In a speech opening the inaugural Pacific Islands News Association CEOs summit in Auckland, Brown said: “We are comfortable in courting a range of external partners” and “it has become obvious to New Zealand that the perceptions held of New Zealand by Pacific leaders are changing.”
“Pacific leaders have grown confident, independent and assertive regionally and internationally,” Brown said, and that has steered New Zealand to resetting its engagement with Pacific Island nations.
“Whilst our Pacific islands are small, disparate and isolated, in reality they occupy a serious part of the world’s space, which is becoming more important every day.
“When the New Zealand coalition government announced earlier this year its intention to ‘reset’ the way it engages with its Pacific neighbours, my government committed to engage proactively in the process. The process is to ‘shift the dial’ on New Zealand’s foreign policy direction in the Pacific.”
Today is a very different picture than when the Cook Islands celebrated independence 54 years ago in 1965, the DPM said.
“For generations our people would defer to our colonial masters because they ‘knew better’ than us,” Brown said.
“Up until that time the colonial poobahs were the font of all knowledge and were the administrative heads of every aspect of government. And that belief was fostered over generations. This was the way for the children and the generations that came through the colonial days.
“It has taken generations to change that way of thinking.”
He said today the Cooks enjoys a special relationship with New Zealand and that “provides us the scope for statehood while we are a member of the Realm of New Zealand – a capacity to evolve and aspire under a condition of Free Association”.
“The Cook Islands-New Zealand relationship is one founded on close traditional and historical ties, unique constitutional arrangements, strong people-to-people ties and shared values that have endured and strengthened over time.”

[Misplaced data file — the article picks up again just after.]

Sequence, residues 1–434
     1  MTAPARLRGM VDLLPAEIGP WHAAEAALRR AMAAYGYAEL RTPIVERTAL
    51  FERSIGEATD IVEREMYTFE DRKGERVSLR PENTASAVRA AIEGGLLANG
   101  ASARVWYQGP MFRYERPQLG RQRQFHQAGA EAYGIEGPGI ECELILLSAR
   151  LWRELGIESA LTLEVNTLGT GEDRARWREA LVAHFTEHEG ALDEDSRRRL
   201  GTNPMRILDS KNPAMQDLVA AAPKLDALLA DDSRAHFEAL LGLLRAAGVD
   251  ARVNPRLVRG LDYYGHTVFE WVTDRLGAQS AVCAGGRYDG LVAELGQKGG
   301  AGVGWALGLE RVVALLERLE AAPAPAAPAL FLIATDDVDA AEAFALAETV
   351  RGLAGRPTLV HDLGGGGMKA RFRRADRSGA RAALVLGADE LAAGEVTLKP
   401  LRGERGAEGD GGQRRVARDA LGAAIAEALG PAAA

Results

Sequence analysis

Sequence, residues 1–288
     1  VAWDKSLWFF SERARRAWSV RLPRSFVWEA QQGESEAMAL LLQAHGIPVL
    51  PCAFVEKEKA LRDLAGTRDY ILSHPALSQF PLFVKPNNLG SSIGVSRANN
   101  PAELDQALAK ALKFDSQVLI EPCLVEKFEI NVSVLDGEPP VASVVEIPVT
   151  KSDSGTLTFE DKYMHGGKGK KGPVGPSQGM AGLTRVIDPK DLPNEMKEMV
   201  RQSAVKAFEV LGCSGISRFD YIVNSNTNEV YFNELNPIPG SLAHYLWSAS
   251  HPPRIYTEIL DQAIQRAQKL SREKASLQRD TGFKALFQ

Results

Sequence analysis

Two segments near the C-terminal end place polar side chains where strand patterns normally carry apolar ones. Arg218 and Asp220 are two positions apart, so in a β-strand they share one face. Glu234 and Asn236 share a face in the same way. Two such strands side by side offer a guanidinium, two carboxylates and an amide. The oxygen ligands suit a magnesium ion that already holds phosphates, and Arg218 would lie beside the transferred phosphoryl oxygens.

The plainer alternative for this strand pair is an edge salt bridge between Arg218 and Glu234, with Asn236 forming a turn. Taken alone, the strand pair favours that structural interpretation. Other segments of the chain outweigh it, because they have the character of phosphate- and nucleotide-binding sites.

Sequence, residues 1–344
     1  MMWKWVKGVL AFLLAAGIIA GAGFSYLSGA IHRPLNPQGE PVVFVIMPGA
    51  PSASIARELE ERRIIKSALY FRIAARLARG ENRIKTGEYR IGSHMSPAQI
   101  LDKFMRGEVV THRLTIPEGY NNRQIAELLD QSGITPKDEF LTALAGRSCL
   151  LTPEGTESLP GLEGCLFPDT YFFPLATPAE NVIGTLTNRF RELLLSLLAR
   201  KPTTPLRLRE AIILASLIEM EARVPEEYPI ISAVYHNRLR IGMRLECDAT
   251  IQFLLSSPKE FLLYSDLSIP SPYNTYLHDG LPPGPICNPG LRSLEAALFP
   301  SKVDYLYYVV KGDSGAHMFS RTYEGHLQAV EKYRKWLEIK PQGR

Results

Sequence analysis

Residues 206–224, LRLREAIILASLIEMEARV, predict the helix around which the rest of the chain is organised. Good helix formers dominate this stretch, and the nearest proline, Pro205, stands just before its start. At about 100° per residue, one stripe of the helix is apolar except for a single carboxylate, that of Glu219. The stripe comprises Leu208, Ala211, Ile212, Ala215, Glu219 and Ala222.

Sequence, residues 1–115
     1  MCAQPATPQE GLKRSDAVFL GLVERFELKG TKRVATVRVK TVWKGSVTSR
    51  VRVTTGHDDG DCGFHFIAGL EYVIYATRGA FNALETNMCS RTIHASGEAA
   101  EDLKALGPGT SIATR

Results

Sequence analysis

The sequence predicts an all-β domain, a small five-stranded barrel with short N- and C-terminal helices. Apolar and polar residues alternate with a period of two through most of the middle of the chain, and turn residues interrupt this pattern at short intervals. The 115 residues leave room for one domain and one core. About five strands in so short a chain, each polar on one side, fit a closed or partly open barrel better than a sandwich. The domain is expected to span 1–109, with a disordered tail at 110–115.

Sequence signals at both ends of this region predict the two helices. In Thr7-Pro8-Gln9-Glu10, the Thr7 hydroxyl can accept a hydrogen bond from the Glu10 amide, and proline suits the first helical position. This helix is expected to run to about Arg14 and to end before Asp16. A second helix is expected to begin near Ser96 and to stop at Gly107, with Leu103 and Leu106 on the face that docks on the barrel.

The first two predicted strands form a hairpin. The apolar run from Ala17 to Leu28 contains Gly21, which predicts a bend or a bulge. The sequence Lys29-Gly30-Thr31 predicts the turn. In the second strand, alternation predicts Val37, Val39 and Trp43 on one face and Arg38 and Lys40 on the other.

New Zealand’s deputy prime minister Winston Peters spoke in Washington DC on the Pacific reset. In his address, Brown said Peters answered the question of why the Pacific is important to New Zealand.
“He stated that there are three reasons why New Zealand regards the Pacific region with such importance.
“First, Pacific identity and in particular, New Zealand’s Polynesian character.
“The second reason is national security. The modern world opens trans-boundary security challenges; including gangs; criminal deportations; drug production and distribution; cyber and financial crime; and aviation and border security. New Zealand’s national security is directly affected by the Pacific’s stability.
“Thirdly, shared prosperity. Pacific Island countries with improved economic and social well-being create opportunities for themselves to improve their resilience and self-reliance.”
Brown said the Pacific has become a contested strategic space.
“We are no longer neglected by Great Power ambition and so we have more options. These facts are creating a level of strategic anxiety.”